New York Giants offensive coordinator Kevin Gilbride takes a lot of heat for a guy who has two Super Bowl rings. As much as we all cringe at the shotgun draw calls on third and 15, Gilbride has developed a strong relationship with quarterback Eli Manning. Furthermore, he's designed an offense suited for today's high octane, pass happy NFL in which strong armed quarterbacks are expected to make big plays down the field to talented wide receivers. There were flaws in the execution of the system in 2012, but the Giants have won two Lombardi Trophy's with Gilbride calling the plays, and it's unlikely that is going to change anytime soon.
Just like any other NFL team, there are going to be changes coming this offseason. The Giants are not going to radically change their offensive personnel, but the coaching staff must carefully examine the strategy employed throughout the 2013 season. With a healthy Hakeem Nicks and a more experienced David Wilson, the Giants should get better next season. It's just a matter of finding the correct methods in which to utilize the immense talent on the offensive side of the football.
Let's take a look at a few things we should all hope to see in 2013.
Another Athletic Tight End Opposite Martellus Bennett
First and foremost, the Giants absolutely must re-sign Martellus Bennet. He's an effective run blocker and nightmare for linebackers in coverage. With another year in the system, he can make leaps and bounds in terms of increased production in 2013.
Bear Pascoe may have an incredible name and he's a serviceable blocker, but he's not capable of running a seam route and catching balls consistently over the middle of the field. His presence on the field usually tips off the defense that the ball is staying on the ground, and he's relatively useless in the passing game. Pascoe only caught four passes this season.
For the Giants to have a truly versatile offense, it's imperative that they are able to lineup in two tight end sets and pass the football effectively. We've seen the New England Patriots use Rob Gronkowski and Aaron Hernandez effectively in two tight end sets recently and it's infinitely diversified their offensive scheme.
Obviously, the Giants are not going to be able to acquire a player as effective as Gronkowski or Hernandez, but finding another viable receiving threat that can also run block would open up the field for Victor Cruz and Hakeem Nicks. Fred Davis, Jared Cook, Dustin Keller and Delanie Walker will all be free agents this offseason, while the draft will feature the likes of Tyler Eifert (Notre Dame) and Zach Ertz (Stanford). If the salary cap allows for it, the Giants should look to find another tight end.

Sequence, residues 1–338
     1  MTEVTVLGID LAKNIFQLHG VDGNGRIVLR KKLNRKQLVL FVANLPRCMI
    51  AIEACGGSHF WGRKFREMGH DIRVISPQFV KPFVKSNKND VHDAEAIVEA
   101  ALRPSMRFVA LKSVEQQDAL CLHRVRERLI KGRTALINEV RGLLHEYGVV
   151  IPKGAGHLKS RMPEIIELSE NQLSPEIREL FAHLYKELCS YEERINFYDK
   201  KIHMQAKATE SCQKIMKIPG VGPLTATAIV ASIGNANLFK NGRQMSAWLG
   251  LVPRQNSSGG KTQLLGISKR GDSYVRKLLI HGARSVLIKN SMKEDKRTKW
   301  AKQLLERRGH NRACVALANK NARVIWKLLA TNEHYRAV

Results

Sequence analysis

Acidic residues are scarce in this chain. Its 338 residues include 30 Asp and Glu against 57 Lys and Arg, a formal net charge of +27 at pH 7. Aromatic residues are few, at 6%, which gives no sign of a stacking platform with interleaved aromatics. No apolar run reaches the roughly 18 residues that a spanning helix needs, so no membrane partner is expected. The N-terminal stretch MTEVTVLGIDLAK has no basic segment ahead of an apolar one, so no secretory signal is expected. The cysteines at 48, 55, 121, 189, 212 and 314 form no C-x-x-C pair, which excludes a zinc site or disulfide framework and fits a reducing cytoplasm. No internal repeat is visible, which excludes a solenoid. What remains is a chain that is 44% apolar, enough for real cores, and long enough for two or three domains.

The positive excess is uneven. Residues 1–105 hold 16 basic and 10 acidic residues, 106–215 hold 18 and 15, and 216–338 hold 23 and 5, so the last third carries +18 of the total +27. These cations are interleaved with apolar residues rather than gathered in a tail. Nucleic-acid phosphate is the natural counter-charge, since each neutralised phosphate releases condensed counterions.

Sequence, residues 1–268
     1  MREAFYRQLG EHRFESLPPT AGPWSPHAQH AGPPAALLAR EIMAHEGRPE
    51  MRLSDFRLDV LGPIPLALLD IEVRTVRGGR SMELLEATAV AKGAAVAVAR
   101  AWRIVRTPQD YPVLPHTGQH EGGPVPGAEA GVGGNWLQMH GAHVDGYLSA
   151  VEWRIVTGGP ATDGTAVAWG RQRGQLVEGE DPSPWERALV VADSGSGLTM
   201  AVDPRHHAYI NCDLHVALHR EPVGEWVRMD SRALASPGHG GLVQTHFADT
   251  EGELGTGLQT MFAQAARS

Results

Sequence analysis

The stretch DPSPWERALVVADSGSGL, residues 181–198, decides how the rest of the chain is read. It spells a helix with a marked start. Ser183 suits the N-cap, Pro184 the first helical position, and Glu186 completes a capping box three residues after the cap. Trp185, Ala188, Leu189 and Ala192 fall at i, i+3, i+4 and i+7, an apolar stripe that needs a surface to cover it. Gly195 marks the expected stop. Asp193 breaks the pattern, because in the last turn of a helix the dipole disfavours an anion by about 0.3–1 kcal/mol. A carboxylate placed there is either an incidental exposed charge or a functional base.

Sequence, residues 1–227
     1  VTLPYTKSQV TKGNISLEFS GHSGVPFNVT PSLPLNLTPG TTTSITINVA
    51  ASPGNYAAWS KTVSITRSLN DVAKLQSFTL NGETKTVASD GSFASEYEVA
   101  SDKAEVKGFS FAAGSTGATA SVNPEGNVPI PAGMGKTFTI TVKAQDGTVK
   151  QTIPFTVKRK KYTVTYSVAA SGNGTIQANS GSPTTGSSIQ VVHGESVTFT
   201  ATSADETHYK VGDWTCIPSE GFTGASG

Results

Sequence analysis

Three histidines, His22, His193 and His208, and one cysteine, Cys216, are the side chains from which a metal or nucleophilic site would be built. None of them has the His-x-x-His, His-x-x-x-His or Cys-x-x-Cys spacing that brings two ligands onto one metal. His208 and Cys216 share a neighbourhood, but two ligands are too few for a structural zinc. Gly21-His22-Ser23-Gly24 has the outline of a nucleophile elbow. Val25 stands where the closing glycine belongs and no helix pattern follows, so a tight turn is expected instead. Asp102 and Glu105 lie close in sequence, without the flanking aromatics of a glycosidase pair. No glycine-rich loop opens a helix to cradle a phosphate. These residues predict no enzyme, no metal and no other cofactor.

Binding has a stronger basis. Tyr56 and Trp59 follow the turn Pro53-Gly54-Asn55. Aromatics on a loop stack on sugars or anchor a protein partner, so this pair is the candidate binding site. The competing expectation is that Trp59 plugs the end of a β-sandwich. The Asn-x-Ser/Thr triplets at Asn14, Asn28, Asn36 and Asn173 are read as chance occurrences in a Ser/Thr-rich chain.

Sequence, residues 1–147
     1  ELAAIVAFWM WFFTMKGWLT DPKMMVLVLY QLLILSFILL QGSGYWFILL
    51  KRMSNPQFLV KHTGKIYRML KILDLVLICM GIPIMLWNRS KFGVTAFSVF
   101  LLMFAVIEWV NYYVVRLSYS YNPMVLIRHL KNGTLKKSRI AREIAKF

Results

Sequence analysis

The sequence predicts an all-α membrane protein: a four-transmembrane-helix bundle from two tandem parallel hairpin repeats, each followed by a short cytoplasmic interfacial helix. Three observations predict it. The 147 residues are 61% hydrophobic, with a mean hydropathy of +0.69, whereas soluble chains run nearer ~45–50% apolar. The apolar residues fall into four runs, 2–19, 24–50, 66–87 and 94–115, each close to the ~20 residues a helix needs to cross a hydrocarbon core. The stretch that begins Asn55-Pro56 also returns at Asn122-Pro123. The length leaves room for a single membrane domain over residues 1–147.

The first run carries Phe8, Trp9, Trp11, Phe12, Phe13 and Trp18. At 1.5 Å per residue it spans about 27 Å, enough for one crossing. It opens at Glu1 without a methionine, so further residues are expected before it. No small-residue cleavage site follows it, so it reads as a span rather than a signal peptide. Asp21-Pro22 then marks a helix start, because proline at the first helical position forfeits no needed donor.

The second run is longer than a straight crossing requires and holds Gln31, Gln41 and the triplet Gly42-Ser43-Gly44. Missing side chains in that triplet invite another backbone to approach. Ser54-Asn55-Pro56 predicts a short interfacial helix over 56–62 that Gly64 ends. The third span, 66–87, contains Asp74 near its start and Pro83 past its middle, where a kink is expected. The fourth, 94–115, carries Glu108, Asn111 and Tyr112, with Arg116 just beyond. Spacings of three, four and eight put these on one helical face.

Run More No Huddle and Play Action Passes
Playing offense in the NFL is all about rhythm and timing, which were a notably absent characteristics in the Giants offense during the stretch run of the 2012 season. One easy, yet effective way to establish rhythm and timing is by running a no huddle offense. In fact, the Patriots, Denver Broncos and Green Bay Packers each ran at least 25 percent of their offensive snaps without a huddle this season. Coincidentally, all three of those teams are still playing football right now.
Not every team can run a no huddle offense effectively. It takes an elite, experienced quarterback to organize the players around him and make sure that everyone is aware of the ensuing play call. By not huddling, the Giants would give the opposing defense less time to substitute, less time to rest and less time to read their formation and get a handle on what play may come next.
Play action passes were also eliminated from the Giants offense this season. It's something the team has done effectively in the past, but for some reason it was ditched this season. A common myth regarding play action passes is that a team must have an effective rushing attack to make it work. That's not true. As long as the quarterback makes a legitimate effort to imitate a handoff, the defense will respect it for a split second. In the NFL, that's the difference between scoring a touchdown and throwing an interception.
No More Run, Run, Pass
The Giants were actually the league's 11th ranked third down offense in 2012, as they converted nearly 41 percent of those opportunities. However, digging a little deeper, Big Blue was ranked 21st in the NFL in third down offense while on the road, converting just on 36 percent of their third down into first downs. Part of the reason is obviously crowd noise, but the play calling was an issue as well.
In an effort to settle down the offense and provide a semblance of stability, Kevin Gilbride was very conservative with the Giants play calling while on the road this season. In Week 13 against the Washington Redskins, the Giants missed on two big play opportunities to Hakeem Nicks and Victor Cruz early in the game, but it was clear that the receivers were open and the opportunities were there. However, as the game progressed and the tension grew, Gilbride became painfully conservative with the play calling. Screens, shot gun draws and slant routes became commonplace, while the big plays that the Giants offense thrives off of were non-existent.
The Giants have an incredible amount of talent on offense, but the scheme and play calling were inhibiting at times in 2012. The Giants have some self-scouting to do and some problems to solve this offseason, but with a few tweaks, this offense can get back to being the productive unit we saw throughout 2011.
Also…Bear Pascoe, David Wilson, Denver Broncos, Eli Manning, Football, Green Bay, Hakeem Nicks, Kevin Gilbride, Martellus Bennett, New England Patriots, New York, New York Giants, NFL, Victor Cruz